4 Department of Respiratory Medicine, Belfast City Hospital, Belfast BT9 7AD
5 Department of Respiratory Medicine, The Queen's University of Belfast, School of Medicine, Royal Victoria Hospital, Grosvenor Road, Belfast.
Mushroom worker's lung [MWL], (also known as mushroom compost worker's lung, compost lung, mushroom lung and mushroom picker's lung) is an allergic respiratory disease, associated with occupational exposure to a variety of substances in the mushroom and compost industries.
This disease shares several characteristics with a variety of other occupational respiratory diseases, where over 300 allergens have been described, including:
Malt worker's lung,
Maple bark stripper's lung,
Peat moss worker's lung,
Wood pulp worker's lung and
Wood trimmers lung.
Medically, MWL is known as hypersensitivity pneumonitis, (HP), or extrinsic allergic alveolitis, which was first described in Iceland in 1874.
MWL is an immune-mediated interstitial lung disease caused by the presence of several foreign environmental antigens, including mushroom spores and mould spores.
Historically, the mushroom industry has been associated with a high incidence of HP, resulting in an HP-associated condition known as Mushroom Worker's Lung (MWL).
MWL presents clinically in sensitized patients with a variety of signs and symptoms, including
sudden onset of fever,
shortness of breath and
rapid breathing (in the acute form of the disease),
with increasing symptoms including:
developing a productive cough,
weight loss (in the subacute or intermittent form of the disease);
finally leading to the most severe symptoms of the chronic disease,
including respiratory distress,
often accompanied by muscle wasting,
weight loss and
clubbing of the fingers and toes.
Traditionally MWL has been associated with exposure to environmental fungi and bacteria, which are found in huge numbers in composting operations and mushroom growing houses.
Table 1 (below) describes several bacteria and fungi which have been associated with this disease state. Furthermore these organisms do not constitute a public health risk to members of the general population and the clinical significance of these organisms lies solely with sensitized individuals with MWL.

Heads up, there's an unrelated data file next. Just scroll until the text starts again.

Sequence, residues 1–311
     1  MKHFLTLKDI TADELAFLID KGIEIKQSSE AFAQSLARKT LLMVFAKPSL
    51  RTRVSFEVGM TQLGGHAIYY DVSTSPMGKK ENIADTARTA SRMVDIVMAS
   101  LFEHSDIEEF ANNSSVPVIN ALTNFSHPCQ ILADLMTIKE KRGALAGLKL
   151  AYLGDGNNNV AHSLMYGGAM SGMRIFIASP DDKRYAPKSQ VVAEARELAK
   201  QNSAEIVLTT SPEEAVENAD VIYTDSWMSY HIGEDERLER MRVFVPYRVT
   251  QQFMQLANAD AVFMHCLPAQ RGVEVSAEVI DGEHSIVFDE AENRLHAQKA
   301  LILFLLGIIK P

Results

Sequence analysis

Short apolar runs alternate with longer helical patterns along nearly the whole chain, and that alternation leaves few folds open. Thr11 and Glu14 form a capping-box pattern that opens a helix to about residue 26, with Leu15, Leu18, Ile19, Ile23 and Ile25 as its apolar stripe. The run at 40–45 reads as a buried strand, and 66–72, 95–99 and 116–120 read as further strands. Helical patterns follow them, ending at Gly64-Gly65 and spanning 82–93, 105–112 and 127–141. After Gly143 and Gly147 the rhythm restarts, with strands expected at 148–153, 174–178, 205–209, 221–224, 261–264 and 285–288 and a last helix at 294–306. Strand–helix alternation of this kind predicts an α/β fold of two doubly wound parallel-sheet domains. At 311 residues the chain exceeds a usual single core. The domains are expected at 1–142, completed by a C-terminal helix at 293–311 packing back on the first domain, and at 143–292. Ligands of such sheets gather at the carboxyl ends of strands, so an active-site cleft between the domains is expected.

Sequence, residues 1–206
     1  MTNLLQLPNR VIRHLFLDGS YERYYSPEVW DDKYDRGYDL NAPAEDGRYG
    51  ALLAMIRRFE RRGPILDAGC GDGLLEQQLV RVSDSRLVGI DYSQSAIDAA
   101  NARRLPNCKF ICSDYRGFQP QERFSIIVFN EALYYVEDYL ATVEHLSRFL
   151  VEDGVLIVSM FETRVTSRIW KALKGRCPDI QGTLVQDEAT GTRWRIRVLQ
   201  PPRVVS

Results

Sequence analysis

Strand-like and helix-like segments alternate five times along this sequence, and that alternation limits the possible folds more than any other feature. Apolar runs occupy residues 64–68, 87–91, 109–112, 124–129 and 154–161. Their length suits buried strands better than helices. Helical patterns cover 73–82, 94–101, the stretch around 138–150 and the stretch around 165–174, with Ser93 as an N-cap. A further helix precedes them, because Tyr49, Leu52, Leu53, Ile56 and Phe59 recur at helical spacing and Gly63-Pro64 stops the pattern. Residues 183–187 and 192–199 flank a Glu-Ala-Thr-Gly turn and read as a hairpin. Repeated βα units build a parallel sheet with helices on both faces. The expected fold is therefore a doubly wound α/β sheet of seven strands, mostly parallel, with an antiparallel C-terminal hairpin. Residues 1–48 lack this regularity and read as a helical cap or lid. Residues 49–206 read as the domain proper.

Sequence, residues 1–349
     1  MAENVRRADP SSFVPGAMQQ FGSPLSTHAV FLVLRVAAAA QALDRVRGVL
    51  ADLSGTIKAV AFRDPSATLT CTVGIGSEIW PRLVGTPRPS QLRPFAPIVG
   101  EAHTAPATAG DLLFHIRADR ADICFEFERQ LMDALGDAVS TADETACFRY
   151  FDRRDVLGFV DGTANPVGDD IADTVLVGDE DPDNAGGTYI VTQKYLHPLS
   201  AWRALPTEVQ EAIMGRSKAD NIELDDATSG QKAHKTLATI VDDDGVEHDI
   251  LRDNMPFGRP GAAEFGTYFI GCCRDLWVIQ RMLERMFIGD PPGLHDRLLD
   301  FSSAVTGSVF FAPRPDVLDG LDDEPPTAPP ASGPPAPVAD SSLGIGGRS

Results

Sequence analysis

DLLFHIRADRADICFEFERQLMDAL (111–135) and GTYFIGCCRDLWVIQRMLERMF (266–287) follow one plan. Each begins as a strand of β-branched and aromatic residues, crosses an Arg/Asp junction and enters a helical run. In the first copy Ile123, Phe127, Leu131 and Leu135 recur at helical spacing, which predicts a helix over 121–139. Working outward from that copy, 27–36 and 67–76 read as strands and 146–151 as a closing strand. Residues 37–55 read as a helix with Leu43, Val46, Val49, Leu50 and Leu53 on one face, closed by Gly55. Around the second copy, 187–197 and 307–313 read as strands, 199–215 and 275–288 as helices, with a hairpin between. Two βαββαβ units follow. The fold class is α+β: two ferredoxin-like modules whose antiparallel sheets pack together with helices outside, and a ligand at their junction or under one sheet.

Range of microbiological and (more recently) mushroom antigens associated with the development of Mushroom Workers' lung in affected patients
More recently, the presence of mushroom spores themselves may constitute a further risk, in addition to that posed by environmental fungi and bacteria, leading to the development of MWL in sensitized patients.
Hypersensitivity pneumonitis remains an important industrial disease in mushroom workers. It has a significant morbidity and early diagnosis and removal from exposure to the antigen is critically important in its management.
Recently, several new allergens have been described, particularly those from mushroom species originating in the Far East, which are of clinical significance to workers occupationally exposed to such allergens in the cultivation, picking and packing of commercial mushroom crops.
Importing of exotic mushrooms including Shiitake are common in EU countries and some of the exotic species of mushrooms are cultivated for local markets. This practice may contribute to an increase in clinical cases of MWL
Over this past few years, our research group has been active in developing new laboratory tests for better detection of agents of MWL .
In a recently published scientific / medical review by our respiratory research group , we describe the clinical presentation of MWL associated with mushroom spores from a variety of species, as detailed in Table 1.
For example, a young man developed severe asthma a few months after starting work in a factory producing a single type of mushroom, namely Pleurotus cornucopiae (a basidiomycete).
Immunological investigations, performed with material recovered from the filtering devices of the mushroom's bed, led to demonstration of specific IgE and IgG against spore extracts and to isolation of one discriminant antigen (molecular weight: 10.5 kd).
Most of the recently described cases of HP have been first reported in Asia, where commercial production of these cultivars has taken place.
Changing culinary trends have resulted in an increase in the diversity of fungi cultures commercially.